In further embodiments, the periodic optical filter is positioned in the source arm between the optical splitter and the optical source.

In yet other embodiments, the system further includes a second periodic optical filter. The first periodic optical filter is positioned in the reference arm or the sample arm and the second periodic optical filter is positioned in a different arm of the system. The periodic optical filters may be interleavers having a substantially same free spectral range (FSR) and a finesse of at least two and the periodic optical filters may be offset by about one quarter of the FSR. One or both of the periodic optical filters may be a tunable periodic optical filter.

In other embodiments, the optical source is a plurality of tunable optical sources and the optical detector is a plurality of optical detectors, ones of which are optically coupled to respective ones of the tunable optical sources by the optical transmission path. The optical transmission path may include an optical multiplexer coupling the plurality of tunable optical sources to a source arm of the system and an optical demultiplexer coupling the plurality of optical detectors to a detector arm of the system. A periodic optical filter may be provided in the source arm, the detector arm, a sample arm of the system and/or a reference arm of the system.

In yet further embodiments, the optical source includes super luminescent diode sources and the optical detectors are spectrometers, ones of which are optically coupled to a selected wavelength range emitted by the super luminescent diode sources. The optical transmission path may include an optical multiplexer coupling the super luminescent diode sources to a source arm of the system and an optical demultiplexer coupling the spectrometers to a detector arm of the system. A periodic optical filter may be provided in the source arm, the detector arm, a sample arm of the system and/or a reference arm of the system.

In other embodiments, the optical source includes a plurality of optical sources and the optical detector includes a plurality of optical detectors. The optical transmission path includes an optical splitter having a first side including a port coupled to a source arm and a second side having a port coupled to a reference arm and a port coupled to a sample arm and an optical multiplexer/demultiplexer coupling the plurality of optical sources and optical detectors to the source arm. The plurality of optical sources and optical detectors may be a plurality of optical source and detector pairs and the optical transmission path may further include a plurality of circulators coupling respective ones of the optical source and detector pairs to the optical multiplexer/demultiplexer.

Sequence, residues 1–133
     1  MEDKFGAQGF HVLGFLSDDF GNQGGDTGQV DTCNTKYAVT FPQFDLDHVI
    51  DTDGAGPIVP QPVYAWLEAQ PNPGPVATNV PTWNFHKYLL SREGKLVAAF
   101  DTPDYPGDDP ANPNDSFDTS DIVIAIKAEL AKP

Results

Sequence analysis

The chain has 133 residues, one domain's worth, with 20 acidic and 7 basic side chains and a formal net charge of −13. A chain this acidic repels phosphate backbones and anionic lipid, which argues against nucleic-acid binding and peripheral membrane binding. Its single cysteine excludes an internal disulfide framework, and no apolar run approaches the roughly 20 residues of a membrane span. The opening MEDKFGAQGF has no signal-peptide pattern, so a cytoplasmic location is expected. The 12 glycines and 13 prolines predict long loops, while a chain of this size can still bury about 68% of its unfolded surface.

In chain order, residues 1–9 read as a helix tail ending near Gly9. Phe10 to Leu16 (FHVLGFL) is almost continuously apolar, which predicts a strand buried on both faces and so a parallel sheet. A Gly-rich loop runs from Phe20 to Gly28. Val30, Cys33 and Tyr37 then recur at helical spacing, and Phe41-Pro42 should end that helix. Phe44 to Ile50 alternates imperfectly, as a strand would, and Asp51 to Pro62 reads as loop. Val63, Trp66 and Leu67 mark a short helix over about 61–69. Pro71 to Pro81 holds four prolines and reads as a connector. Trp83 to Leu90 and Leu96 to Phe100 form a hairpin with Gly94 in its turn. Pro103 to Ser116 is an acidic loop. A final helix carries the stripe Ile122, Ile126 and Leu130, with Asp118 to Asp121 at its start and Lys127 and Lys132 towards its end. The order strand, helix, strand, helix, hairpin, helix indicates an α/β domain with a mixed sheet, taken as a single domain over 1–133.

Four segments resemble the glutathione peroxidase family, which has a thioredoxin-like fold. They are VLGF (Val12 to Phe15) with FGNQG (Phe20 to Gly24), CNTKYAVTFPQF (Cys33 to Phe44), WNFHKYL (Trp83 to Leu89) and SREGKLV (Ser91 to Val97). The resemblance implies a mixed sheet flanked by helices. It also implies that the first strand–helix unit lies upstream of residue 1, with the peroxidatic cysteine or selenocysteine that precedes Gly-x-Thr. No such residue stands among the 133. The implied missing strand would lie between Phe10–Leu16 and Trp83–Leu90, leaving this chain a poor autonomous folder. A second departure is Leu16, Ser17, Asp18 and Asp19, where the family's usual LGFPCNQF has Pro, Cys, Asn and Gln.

In further embodiments, the optical source is a broadband source and the optical detector is a spectrometer. The optical transmission path includes an optical splitter having a first side including a port coupled to the spectrometer and a second side having a port coupled to a reference arm and a port coupled to a sample arm and a periodic optical filter arrangement coupling the sample arm and the reference arm to the broadband source. The optical splitter may be a first optical splitter and the periodic optical filter arrangement may include a first periodic optical filter coupled to the reference arm and a second periodic optical filter coupled to the sample arm. A second optical splitter may be provided having a first side including a port coupled to the broadband source and a second side including a port coupled to the first periodic optical filter and a second port coupled to the second periodic optical filter. The first periodic optical filter and the first optical splitter may be coupled to the reference arm by a first circulator and the second periodic optical filter and the first optical splitter may be coupled to the sample arm by a second circulator.

In yet other embodiments, optical coherence imaging systems include an optical splitter, an optical source and an optical detector. The optical splitter has a first side including a port coupled to a source arm and a port coupled to a detector arm and a second side having a port coupled to a reference arm and a port coupled to a sample arm. The optical source is coupled to the source arm and generates a comb output having an associated spacing and linewidth. The optical detector is coupled to the detector arm. The optical detector has a spacing and a bandwidth selected based on the associated spacing and linewidth of the optical source to reduce an effective linewidth of the imaging system.

BRIEF DESCRIPTION OF THE DRAWINGS

FIG. 1 is a schematic block diagram illustrating an optical engine (system) according to some embodiments of the present invention.

FIG. 2 is a schematic block diagram illustrating an optical engine (system) according to other embodiments of the present invention.

FIG. 3 is a schematic block diagram illustrating an optical engine (system) according to other embodiments of the present invention.